Two new middle grade graphic novels come out tomorrow, May 2nd, and I’ll be ordering both for my library after getting to review them early!
Real Friends by Shannon Hale
(First Second – May 2, 2017)
OFFICIAL BOOK DESCRIPTION:
When best friends are not forever . . .
Shannon and Adrienne have been best friends ever since they were little. But one day, Adrienne starts hanging out with Jen, the most popular girl in class and the leader of a circle of friends called The Group. Everyone in The Group wants to be Jen’s #1, and some girls would do anything to stay on top . . . even if it means bullying others.
Now every day is like a roller coaster for Shannon. Will she and Adrienne stay friends? Can she stand up for herself? And is she in The Group―or out?
Excellent middle grade graphic memoir for fans of Raina Telgemeier, Cece Bell and Victoria Jamieson. As a child of the 80s myself, I really appreciated all of the 80s references, but the intended audience probably won’t catch those. They will simply focus on this being an incredibly realistic and heartfelt account of family and friendship (and lack thereof) in the late elementary years. All of Hale’s experiences resonated with me, and I know that every 3rd-6th grader I hand this to will absolutely love it. I really appreciated that Hale included her experiences with anxiety and mild-OCD, and also that she made mention of her family’s religion since it was such a large part of her upbringing. I found out in the very back of the acknowledgements that Hale grew up Mormon – it pays to read the back-matter! Required purchase for elementary and middle school libraries.
I received a digital ARC of this book for review – all opinions are my own.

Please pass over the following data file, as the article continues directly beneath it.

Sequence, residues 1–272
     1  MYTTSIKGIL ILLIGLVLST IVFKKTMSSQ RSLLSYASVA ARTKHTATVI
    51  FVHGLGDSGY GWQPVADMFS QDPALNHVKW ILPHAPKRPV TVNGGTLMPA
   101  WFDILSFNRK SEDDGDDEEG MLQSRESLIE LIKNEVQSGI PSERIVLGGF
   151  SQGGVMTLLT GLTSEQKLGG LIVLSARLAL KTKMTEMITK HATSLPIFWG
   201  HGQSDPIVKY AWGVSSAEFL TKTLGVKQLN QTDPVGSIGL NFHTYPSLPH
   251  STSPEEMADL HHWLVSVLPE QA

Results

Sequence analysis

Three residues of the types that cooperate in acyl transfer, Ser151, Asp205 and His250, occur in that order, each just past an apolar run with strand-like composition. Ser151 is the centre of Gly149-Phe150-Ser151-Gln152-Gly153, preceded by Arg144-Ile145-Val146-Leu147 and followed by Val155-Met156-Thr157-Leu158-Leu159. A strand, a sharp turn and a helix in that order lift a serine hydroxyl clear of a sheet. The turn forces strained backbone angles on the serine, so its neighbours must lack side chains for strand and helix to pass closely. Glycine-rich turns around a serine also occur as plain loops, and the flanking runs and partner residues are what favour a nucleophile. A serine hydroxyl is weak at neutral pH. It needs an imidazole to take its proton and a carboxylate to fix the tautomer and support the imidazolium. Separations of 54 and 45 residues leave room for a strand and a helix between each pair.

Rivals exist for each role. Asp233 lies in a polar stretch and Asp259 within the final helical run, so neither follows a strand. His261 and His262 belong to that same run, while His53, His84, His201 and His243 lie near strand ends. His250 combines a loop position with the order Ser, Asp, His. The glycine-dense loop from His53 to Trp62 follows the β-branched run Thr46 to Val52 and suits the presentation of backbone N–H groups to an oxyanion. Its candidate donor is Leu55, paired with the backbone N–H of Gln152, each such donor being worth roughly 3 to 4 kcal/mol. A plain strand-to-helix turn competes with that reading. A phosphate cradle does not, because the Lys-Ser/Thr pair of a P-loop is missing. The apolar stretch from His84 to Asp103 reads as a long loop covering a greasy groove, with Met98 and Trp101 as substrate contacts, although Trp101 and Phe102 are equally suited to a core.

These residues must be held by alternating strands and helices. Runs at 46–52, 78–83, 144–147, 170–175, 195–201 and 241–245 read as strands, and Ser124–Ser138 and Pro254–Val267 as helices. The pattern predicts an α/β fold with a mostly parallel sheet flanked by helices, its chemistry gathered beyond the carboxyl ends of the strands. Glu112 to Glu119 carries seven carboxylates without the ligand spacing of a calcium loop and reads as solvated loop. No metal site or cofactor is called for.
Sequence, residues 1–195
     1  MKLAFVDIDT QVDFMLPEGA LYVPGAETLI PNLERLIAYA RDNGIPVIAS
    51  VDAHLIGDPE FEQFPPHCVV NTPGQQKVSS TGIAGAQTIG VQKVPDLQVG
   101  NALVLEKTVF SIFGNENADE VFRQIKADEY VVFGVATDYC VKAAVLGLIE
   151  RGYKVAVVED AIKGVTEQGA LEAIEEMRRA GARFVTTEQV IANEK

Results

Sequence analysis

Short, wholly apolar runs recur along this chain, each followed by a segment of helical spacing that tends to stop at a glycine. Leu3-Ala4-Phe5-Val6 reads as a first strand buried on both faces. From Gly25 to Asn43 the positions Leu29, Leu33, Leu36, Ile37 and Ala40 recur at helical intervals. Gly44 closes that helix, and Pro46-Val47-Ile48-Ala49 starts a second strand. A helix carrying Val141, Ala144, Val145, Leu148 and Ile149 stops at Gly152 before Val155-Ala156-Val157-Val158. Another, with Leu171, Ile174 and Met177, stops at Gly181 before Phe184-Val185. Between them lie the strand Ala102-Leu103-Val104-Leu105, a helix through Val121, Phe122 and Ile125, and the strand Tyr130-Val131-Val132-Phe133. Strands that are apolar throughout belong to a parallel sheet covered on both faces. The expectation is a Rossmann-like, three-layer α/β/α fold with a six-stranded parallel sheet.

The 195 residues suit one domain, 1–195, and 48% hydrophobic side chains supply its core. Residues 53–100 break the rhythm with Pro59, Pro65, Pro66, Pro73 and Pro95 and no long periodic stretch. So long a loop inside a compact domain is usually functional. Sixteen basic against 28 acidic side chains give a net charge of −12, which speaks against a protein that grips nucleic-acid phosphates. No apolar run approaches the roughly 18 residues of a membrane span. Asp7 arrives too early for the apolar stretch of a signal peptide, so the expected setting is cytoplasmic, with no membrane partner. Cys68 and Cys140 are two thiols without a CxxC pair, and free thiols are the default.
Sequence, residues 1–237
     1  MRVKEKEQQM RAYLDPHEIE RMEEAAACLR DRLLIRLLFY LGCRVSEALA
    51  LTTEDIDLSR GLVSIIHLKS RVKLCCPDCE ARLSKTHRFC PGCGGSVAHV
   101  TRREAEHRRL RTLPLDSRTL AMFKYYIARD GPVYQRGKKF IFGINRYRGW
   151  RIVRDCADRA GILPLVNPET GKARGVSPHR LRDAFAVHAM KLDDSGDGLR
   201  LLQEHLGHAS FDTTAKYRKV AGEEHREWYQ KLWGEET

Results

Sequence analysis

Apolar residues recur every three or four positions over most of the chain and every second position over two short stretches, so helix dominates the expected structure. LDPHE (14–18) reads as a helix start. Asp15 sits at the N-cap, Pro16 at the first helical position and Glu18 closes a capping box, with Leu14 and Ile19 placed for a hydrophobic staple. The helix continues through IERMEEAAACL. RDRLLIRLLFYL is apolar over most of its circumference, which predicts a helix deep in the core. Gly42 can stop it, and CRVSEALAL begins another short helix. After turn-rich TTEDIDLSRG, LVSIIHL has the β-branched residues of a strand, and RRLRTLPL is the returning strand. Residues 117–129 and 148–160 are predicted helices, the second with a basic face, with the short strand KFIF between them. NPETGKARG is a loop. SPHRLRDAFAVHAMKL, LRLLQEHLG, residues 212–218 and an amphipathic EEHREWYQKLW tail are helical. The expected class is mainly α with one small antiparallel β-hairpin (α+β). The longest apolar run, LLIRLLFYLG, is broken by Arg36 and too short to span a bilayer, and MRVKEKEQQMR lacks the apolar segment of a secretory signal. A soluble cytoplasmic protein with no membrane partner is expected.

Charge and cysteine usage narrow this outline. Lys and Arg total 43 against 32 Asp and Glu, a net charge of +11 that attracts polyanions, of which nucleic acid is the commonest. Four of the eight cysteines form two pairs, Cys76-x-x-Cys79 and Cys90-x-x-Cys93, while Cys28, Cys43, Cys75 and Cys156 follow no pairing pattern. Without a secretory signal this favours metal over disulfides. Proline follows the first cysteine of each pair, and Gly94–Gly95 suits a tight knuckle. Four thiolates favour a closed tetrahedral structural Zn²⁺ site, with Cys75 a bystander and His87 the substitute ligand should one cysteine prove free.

Invisible Emmie by Terri Libenson
(Balzer + Bray – May 2, 2017)
OFFICIAL BOOK DESCRIPTION:
This is the story of two totally different girls—
quiet, shy, artistic Emmie
popular, outgoing, athletic Katie
—and how their lives unexpectedly intersect one day, when an embarrassing note falls into the wrong hands. . . .
All the crushes, humiliations, boredom, and drama of middle school are compressed into one surprising day in this extraordinary novel.
This is a cute middle grade/middle school graphic novel that will fly off the shelves in both my elementary and middle school library. I liked it (didn’t LOVE it), but I do know my 11-year-old daughter and her peers will be clamoring for it. Lots of cliche characters, but also lots of typical middle grade humor that rings true with students and not for myself. The twist that most reviewers never saw coming was NOT a twist for me, as that’s what I had been thinking was going on anyway (I read no reviews before beginning the book) – it will be interesting to see how kids read/interpret the different storylines told through Emmie and Katie.
I will be purchasing this for both of my libraries due to mass appeal and no overtly objectionable material, with the exception of some clearly unkind/distasteful teasing (“Oh look! It’s Helen Keller! Oh wait, not blind and deaf, only mute“) but as it is clearly identified as inappropriate and mean and retaliated against, I understand the purpose of its inclusion in the story.
I received a digital ARC of this title for review – all opinions are my own.